Internationalization (i18n) has always been complex especially when requirements involve translating user generated contents. I will try to explain a simple way of creating, using and storing translations of texts from a database.
The standard way internalization works is to store translations for each language and retrieve them with a key. The translated messages are usually stored in a translation.json file and a translation service will take care of using the key to search the file and replace the key with the found value or a default value if any.
I used Azure Cosmos DB SQL API as my database, NodeJS on the backend, ReactJS on the frontend and mkdirp npm package to create directories and write translated languages on the server. These methods will work with any backend like Azure Functions, AWS Lamda.
Set up Azure Cosmos DB
Follow this tutorial to create a free Cosmos DB on Azure. Store unstructured data using Azure Functions and Azure Cosmos DB
Write some JSX code
Import import ‘./i18n’ and wrap your App Component with Suspense. Your index.js should look like this:
Set up Database
Next is to add a configuration file to for database settings and seed data. Add config.js file and content should look like this:
This will create a JSON file for each language listed as a doc in the database. You can modify the content of the generated JSON files locally or directly from Azure data explorer. You can also create a basic CRUD admin interface on your application and manage them from there.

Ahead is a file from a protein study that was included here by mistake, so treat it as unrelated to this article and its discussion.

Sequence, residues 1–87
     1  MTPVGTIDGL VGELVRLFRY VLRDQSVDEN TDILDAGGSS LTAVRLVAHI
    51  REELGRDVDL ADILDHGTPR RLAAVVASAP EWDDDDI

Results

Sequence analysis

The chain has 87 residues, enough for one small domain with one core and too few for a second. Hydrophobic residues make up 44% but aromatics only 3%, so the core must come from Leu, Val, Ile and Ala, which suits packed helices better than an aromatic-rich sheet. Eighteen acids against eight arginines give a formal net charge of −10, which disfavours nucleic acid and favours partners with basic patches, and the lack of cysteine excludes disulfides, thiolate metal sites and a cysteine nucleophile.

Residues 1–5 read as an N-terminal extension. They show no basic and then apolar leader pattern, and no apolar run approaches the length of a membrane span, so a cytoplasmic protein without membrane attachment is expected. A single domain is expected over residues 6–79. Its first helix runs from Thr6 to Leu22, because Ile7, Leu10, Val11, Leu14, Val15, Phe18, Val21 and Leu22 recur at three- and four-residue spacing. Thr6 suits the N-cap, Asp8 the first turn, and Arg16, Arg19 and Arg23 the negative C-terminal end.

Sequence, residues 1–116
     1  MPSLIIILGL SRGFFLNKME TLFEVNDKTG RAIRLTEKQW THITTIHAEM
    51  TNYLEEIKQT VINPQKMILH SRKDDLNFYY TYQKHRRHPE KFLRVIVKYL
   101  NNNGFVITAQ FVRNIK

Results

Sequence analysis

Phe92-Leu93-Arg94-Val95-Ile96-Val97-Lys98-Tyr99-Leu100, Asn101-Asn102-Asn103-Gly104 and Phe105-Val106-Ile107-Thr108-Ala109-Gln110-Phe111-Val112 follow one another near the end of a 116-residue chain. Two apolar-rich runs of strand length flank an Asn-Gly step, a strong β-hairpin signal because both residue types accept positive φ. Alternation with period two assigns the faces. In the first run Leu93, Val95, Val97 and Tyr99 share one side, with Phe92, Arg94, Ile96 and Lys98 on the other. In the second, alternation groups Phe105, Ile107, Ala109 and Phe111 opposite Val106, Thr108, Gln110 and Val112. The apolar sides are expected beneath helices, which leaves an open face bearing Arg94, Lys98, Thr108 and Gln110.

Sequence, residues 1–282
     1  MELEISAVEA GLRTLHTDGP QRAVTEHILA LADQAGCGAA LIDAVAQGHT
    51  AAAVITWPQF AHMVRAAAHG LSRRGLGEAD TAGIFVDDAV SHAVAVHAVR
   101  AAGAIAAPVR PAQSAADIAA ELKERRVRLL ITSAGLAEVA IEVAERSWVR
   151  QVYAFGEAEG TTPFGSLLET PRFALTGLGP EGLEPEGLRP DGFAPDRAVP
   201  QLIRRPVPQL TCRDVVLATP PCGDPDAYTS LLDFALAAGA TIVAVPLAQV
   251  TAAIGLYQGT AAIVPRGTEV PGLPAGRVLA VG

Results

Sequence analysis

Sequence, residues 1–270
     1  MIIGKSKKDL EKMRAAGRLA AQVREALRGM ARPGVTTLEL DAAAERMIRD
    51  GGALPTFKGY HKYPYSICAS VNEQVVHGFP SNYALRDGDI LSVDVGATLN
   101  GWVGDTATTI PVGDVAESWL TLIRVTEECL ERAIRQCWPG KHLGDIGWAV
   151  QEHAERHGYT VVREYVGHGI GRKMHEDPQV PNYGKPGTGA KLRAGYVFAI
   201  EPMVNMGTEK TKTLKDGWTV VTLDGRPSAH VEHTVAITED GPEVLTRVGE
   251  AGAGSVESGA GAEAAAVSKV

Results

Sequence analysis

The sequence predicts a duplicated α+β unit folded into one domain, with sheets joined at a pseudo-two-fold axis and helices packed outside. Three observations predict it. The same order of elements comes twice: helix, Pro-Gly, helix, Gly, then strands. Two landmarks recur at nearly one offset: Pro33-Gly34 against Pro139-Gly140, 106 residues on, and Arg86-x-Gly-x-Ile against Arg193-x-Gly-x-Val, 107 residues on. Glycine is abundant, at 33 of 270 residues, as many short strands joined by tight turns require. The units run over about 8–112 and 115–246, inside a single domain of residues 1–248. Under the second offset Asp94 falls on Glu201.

Now you can use and inject translated text into your HTML code by using the translation Key. This is a simple approach and sometimes acceptable.
Finally, include script in the npm build scripts in the package.json file
Executing npm run translate will extract translations from Azure Cosmos DB and generate JSON files on the server.
This is by no means a perfect solution. It is more like a working solution that can be modified and engineered better for your requirements. You can also move the translation database to be consumed through an azure function, cached or as part of a micro-services architecture.
Hope this article was helpful and enjoy!